Potter and ceramics instructor Duncan Tweed of The Workshop Studio Gallery shapes a small vase out of clay in his studio on Friday, May 22.

Potter and ceramics instructor Duncan Tweed of The Workshop Studio Gallery shapes a small vase out of clay in his studio on Friday, May 22.

Workshop to offer clay play

New Salmon Arm studio/gallery offers items for purchase and classes for would-be potters.

On a brilliant warm morning, a potter sits in Zen-like fashion, gently coaxing a slab of clay to respond to his touch.

“It’s very meditative, at least at first, because you have to pay attention to what you are doing,” says potter Duncan Tweed as he fashions an elegant vase.

“It’s all in the touch. I can make a pot blindfolded; I can feel a weak spot and tell when the clay is going to twist.”

An artist with 12 years’ experience in working with clay, Tweed is one of two instructors at The Workshop Studio Gallery on 50th Street NE.

His introduction to ceramics was at his high school in Arizona where he needed an art credit.

“It’s very rewarding to build something with your hands,” he says, describing ceramics as being somewhere between stone and glass. “Some of the oldest known artifacts are ceramics.”

Tweed worked with an artist in the summers and graduated from university in Flagstaff with a fine arts degree in ceramics and a business degree in management.

While in college, he met KJ MacAllister, an Edmonton potter and owner of The Workshop Studio Gallery.

The two stayed in touch and when MacAllister bought the large acreage in Canoe, she invited Tweed to move to the Shuswap to teach.

Impressed with the beautiful surroundings and the community support the many area potters receive, Tweed says he was surprised that, as far as he knows, nobody else is giving lessons.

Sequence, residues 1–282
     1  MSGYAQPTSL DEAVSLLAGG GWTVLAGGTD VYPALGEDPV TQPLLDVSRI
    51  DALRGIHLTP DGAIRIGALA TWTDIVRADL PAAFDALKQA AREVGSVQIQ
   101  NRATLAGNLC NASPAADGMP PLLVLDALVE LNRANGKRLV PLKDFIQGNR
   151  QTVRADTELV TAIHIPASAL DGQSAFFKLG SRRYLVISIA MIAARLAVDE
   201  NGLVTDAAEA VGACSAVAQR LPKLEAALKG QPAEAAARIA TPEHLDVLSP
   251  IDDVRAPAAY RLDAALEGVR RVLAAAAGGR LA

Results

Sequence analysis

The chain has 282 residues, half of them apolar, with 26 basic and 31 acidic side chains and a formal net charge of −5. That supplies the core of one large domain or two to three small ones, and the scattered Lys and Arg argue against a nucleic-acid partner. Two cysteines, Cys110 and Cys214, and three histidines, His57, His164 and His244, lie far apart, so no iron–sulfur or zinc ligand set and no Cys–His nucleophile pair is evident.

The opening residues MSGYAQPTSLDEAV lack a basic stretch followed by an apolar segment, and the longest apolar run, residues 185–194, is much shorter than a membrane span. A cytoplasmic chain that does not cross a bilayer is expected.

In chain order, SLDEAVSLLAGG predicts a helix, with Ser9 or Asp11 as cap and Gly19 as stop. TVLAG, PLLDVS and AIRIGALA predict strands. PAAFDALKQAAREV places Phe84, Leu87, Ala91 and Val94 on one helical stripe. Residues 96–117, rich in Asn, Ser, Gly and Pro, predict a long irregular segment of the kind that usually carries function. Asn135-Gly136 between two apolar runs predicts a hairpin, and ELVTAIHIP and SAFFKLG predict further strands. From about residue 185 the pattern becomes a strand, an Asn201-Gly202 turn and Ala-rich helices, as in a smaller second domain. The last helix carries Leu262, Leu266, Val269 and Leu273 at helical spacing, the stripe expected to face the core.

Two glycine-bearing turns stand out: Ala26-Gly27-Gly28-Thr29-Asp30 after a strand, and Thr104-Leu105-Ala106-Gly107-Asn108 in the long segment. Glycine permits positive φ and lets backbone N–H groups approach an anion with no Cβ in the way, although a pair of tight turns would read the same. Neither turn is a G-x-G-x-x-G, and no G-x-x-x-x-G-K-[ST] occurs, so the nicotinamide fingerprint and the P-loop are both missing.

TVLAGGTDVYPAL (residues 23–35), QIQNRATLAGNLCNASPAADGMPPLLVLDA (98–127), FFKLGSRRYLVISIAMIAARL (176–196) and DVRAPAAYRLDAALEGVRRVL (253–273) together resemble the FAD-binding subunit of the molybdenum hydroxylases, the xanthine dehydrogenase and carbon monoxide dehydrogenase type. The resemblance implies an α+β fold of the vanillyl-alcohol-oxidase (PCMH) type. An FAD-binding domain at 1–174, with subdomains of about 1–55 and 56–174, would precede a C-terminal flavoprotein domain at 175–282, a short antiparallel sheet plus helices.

Limited by the number of wheels, the studio offers six-week courses to three people at a time.

“It’s heavy instruction,” he laughs, noting students get as much or as little help as they wish.

While most people are attracted to learning to use the wheel, Tweed says there is always leftover clay so students do get to craft something using the slab method.

Tweed is delighted that he no longer has to make “100 mugs a week” to survive and can satisfy his own passion for creating with clay when he’s not teaching.

“You don’t really know clay until you have thrown a ton of it,” he says, sipping tea in the large, airy studio.

But Tweed is quick to gesture to shelves displaying some of the excellent items students have created, to emphasize that anyone who takes a six-week course at the workshop will be making items they are happy with.

Students also learn about the glazing process, choosing from a few thousand colour options provided by several under- and over-glazes.

Within a few weeks, Tweed says some of the work he and fellow instructor Jeremy Pawlowicz create will be available for sale in the gallery.

If The Workshop-Studio Gallery proves to be a success, future plans include inviting artists to hold weekend workshops and, further down the road, creating a large, multi-purpose facility that would focus on other mediums such as painting and drawing and possibly an artist-in-residence program.

For more information, call 1-778-489-5249 or visit www.theworkshop-studiogallery.com.

 

Salmon Arm Observer

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